Talking Baseball: Jack McDowell

Throughout the offseason, keep an eye out for my new series titled “Talking Baseball”. I’ll spend a few minutes each week talking to former baseball players about the game of baseball and much more.

On November 7, 2015, the U Deserve A Chance Foundation held their first-ever Home Plate Gala at BB&T Ballpark. Throughout the night, I had a chance to interview some of the many baseball personalities who were on hand for this special event. Overall, the event was a huge success and the first of many for the organization.

My final interview of the night was with 1993 Cy Young Award-winner Jack McDowell, who currently resides in the Charlotte area. McDowell put together a terrific Major League Baseball career as a pitcher for 12 seasons. mcdowell_1280_7ttz7n7o_mve6dxmh

A product of Stanford University, McDowell earned co-Freshman of the Year in 1985, 2nd team All-American in 1986, and 3rd team All-American in 1987. That same year (1987), he led Stanford to a College World Series Championship.

Also in 1987, McDowell was taken by the Chicago White Sox in the first round of the 1987 draft (fifth overall). NOTE: The first pick in the draft was Ken Griffey Jr. and Hall-of-Famer Craig Biggio was selected 22nd overall.

Back to McDowell, however, who went on to have a successful big league career. He won a total of 127 games, including a career-high 22 in 1993 en route to winning the American League Cy Young Award. That season, “Black Jack” posted a 22-10 mark with a 3.37 ERA in 34 starts. He tossed 10 complete games and led the league in shutouts with four.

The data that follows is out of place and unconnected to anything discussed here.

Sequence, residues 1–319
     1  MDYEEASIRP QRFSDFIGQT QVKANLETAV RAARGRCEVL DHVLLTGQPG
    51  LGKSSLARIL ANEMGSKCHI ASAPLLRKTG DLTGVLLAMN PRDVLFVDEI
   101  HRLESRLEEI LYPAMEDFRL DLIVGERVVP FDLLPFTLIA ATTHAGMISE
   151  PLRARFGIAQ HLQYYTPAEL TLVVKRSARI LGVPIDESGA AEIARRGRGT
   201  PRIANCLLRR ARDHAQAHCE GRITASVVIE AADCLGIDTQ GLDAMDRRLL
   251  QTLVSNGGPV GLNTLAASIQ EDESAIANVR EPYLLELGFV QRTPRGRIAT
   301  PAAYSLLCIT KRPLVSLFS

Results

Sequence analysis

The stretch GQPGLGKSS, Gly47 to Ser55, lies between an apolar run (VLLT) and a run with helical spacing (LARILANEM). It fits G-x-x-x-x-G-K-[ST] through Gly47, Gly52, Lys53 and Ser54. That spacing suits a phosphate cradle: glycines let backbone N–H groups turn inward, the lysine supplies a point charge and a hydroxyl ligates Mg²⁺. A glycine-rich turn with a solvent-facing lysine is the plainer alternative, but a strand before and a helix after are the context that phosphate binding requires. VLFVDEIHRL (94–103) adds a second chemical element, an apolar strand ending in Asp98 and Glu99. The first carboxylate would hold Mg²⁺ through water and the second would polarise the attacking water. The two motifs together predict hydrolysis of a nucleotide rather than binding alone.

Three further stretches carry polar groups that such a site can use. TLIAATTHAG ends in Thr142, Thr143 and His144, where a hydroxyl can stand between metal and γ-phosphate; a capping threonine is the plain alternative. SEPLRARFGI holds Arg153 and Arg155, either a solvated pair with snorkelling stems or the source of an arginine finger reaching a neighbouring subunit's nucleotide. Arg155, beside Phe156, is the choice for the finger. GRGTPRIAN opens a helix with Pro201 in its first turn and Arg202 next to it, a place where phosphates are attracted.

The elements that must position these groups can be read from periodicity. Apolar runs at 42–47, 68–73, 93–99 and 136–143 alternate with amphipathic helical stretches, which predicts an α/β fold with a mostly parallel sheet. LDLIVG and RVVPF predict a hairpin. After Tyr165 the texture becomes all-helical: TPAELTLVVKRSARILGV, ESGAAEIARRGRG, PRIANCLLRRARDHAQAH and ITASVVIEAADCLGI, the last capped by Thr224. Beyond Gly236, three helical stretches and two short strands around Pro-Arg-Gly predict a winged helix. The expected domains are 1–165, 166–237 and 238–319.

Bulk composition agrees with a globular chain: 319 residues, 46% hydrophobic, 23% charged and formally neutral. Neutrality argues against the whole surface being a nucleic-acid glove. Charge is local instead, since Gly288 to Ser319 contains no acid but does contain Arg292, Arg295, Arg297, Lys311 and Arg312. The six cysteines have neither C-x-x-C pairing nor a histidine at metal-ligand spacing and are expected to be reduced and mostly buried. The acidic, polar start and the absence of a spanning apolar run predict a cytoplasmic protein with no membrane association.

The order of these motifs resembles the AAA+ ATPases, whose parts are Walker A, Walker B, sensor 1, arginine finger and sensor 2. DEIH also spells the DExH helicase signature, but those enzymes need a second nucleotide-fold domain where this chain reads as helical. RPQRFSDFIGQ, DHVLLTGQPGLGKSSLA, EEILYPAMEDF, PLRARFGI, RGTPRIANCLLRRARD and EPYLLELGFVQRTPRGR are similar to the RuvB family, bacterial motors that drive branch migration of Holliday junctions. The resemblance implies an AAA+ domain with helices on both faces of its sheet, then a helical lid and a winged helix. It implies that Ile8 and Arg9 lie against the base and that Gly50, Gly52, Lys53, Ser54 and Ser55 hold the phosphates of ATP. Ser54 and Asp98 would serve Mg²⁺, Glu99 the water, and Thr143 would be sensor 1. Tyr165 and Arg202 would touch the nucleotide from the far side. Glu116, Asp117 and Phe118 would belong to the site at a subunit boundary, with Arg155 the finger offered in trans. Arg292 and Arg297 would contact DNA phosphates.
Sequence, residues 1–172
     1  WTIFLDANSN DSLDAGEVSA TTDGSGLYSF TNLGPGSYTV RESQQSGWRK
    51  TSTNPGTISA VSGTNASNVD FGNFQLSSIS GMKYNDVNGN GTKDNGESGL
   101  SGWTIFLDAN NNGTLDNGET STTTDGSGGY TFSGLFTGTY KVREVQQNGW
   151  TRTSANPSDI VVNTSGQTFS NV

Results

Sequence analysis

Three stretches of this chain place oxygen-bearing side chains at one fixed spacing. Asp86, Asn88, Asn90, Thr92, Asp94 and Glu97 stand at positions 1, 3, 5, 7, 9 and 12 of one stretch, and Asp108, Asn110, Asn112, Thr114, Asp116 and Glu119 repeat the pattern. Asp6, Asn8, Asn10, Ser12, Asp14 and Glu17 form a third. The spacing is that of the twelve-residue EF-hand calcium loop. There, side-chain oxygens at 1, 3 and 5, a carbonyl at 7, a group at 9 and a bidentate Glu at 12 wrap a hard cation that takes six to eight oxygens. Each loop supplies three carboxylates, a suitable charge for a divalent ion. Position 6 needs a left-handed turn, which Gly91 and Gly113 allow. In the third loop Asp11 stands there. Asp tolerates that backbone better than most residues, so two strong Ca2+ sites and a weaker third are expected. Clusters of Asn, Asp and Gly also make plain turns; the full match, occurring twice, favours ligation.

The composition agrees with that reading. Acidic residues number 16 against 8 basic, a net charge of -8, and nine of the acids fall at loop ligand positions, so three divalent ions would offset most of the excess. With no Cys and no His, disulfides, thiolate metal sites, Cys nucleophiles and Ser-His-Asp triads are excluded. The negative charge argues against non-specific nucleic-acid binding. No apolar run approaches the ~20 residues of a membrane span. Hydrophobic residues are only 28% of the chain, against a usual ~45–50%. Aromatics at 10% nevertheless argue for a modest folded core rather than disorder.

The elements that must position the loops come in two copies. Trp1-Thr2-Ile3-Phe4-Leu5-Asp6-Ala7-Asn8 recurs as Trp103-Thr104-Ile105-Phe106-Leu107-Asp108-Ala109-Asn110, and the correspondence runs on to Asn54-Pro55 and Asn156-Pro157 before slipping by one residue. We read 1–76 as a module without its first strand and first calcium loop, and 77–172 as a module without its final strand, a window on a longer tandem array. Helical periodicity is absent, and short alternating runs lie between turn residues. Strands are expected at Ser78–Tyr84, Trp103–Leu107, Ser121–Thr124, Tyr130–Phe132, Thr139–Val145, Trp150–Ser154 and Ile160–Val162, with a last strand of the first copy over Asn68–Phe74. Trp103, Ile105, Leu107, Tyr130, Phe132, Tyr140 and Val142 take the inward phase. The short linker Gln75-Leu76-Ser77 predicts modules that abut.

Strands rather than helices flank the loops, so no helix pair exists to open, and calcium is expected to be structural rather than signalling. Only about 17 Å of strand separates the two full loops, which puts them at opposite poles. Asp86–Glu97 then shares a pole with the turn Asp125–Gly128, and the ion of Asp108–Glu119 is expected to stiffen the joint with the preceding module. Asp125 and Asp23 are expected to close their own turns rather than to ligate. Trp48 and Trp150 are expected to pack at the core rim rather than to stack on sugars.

The 6’5″ right-hander pitched for 148-71TFreight seasons with the Chicago White Sox and compiled 91 wins over that span. He helped lead Chicago to a solid 94-68 record in 1993 and a postseason berth. The team played for the American League Championship (lost to the Toronto Blue Jays).

Over a three-year span (1991-93), McDowell won 59 games, including back-to-back 20-win seasons (1992-93). He pitched over 250 innings in each of those three seasons and was an American League All-Star in each of those three campaigns.

Later in his career, McDowell spent time with the New York Yankees (1995), Cleveland Indians (1996-97), and Anaheim Angels (1998-99). Injuries over the course of his career began to take a toll and McDowell retired from baseball after the 1999 season. He finished with a career mark of 127-87 with a 3.85 ERA in 277 games (275 starts). He led the American League in complete games three times (1991, 1992, & 1995), games started twice (1991 & 1994), and wins once (1993).

Most recently, McDowell spent time in the Los Angeles Dodgers system as a manager. He guided the organization’s Rookie League affiliates, the Ogden Raptors in 2014, and the Arizona League Dodgers in 2015.

I sat down and spoke to “Black Jack” about the Home Plate Gala, his remarkable career as a pitcher, his chance to manage, and his days as a musician with his band stickfigure.

Here’s episode five of “Talking Baseball” with guest, Jack McDowell.

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